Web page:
My final stop in Vietnam was the capital of Hanoi. Like Ho Chi Minh City, it felt like there were more motorbikes than people. Regrettably, I was in Hanoi on a Friday, the one day of the week when Ho Chi Minh's body - kept in a grand mausoeum - is not on display. I did however, tour his old office, a simple house on stilts and, along with visitors from all over Vietnam, learnt more about the life of the revered national hero.
I found Hanoi's residents somewhat curt towards foreigners when compared to Vietnamese in the rest of the country, and thieves more plentiful. Unlike in Cambodia, where haggling is more of a pleasant sport, in Hanoi it's a battle. I still managed to bag some bargains. My technique of looking "genuinely" shocked at the high price and walking away managed to get the price halved every time. Many guide books and previous visitors suggested seeing Hanoi's water puppet show. I found it to be a tourist gimmick, and with thieves waiting outside the theatre, there are plenty other more worthwhile experiences.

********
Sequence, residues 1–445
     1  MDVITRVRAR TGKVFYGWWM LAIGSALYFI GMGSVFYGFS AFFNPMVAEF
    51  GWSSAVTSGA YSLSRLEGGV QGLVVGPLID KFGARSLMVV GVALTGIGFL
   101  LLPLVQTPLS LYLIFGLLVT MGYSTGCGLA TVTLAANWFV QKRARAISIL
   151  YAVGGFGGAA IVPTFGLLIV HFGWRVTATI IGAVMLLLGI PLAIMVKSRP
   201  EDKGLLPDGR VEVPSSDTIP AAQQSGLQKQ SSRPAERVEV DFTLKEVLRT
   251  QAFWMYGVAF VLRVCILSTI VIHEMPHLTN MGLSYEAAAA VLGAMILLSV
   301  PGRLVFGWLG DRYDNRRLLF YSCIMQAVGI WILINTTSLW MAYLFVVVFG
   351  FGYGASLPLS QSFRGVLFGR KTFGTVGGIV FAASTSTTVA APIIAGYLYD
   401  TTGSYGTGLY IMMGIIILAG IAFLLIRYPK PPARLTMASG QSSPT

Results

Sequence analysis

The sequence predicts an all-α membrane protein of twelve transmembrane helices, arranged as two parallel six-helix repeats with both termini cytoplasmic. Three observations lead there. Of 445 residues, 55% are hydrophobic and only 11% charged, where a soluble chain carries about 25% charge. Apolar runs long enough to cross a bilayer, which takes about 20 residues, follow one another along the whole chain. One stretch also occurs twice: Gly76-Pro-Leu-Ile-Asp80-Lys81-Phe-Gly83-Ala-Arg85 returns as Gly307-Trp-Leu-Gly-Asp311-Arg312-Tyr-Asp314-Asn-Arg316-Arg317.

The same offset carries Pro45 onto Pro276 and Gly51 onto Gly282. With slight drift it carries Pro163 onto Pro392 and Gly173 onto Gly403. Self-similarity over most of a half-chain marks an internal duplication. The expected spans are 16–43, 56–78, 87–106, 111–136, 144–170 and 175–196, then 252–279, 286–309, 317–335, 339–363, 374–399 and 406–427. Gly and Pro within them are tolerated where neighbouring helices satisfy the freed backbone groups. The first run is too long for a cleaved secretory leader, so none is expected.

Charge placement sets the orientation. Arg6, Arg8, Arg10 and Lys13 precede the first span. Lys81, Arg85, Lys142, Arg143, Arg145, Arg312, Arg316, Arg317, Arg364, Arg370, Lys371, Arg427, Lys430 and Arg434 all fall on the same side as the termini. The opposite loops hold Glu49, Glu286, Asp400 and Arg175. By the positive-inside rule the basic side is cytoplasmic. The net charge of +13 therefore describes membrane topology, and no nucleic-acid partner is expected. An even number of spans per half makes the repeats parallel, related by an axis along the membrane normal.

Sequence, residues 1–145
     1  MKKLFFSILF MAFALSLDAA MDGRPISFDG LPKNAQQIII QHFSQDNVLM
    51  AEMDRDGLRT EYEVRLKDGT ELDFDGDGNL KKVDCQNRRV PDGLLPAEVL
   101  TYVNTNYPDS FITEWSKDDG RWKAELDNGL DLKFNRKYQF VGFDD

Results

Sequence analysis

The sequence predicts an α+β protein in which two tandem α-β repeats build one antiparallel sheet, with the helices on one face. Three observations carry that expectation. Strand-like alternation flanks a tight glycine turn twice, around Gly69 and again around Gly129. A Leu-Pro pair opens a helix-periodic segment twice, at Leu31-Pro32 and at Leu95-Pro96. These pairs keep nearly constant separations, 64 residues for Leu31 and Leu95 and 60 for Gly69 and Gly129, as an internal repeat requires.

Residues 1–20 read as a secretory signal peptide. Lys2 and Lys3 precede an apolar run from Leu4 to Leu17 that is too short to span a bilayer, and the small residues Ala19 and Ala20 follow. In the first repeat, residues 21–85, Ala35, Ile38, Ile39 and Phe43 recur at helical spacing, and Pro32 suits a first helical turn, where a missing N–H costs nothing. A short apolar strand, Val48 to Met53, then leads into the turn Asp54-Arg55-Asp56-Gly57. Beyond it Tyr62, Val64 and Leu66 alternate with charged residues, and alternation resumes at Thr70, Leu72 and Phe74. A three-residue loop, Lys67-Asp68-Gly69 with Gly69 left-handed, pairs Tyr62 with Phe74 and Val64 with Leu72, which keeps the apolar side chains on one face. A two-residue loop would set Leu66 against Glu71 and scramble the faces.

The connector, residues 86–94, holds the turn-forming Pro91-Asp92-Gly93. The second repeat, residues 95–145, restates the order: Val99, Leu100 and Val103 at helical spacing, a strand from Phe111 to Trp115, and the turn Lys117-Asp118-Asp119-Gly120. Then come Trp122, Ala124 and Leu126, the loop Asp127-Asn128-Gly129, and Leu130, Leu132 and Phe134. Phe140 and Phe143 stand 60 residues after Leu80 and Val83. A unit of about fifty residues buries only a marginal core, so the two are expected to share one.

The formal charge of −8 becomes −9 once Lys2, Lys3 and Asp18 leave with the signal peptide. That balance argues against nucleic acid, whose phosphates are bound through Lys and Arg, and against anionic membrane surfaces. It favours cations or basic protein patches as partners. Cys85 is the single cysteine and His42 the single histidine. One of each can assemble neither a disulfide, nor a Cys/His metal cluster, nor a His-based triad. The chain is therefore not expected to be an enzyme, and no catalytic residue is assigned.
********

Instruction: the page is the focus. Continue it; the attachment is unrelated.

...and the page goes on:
Despite less than glamorous hostel stays and tiring train journeys, I enjoyed exploring Vietnam - the rural areas more than the cities. The French influence is still strong, with fresh baguettes every morning, French road names and a bizarre abundance of La vache qui rit (the Laughing Cow) cheese sold every 15 metres. I don't think I would return to Ho Chi Minh City or Hanoi, but if ever there's a chance to explore more of rural Vietnam or of a shopping holiday to Hoi An, I'll be on the first plane there. Next week: Ismat heads for Laos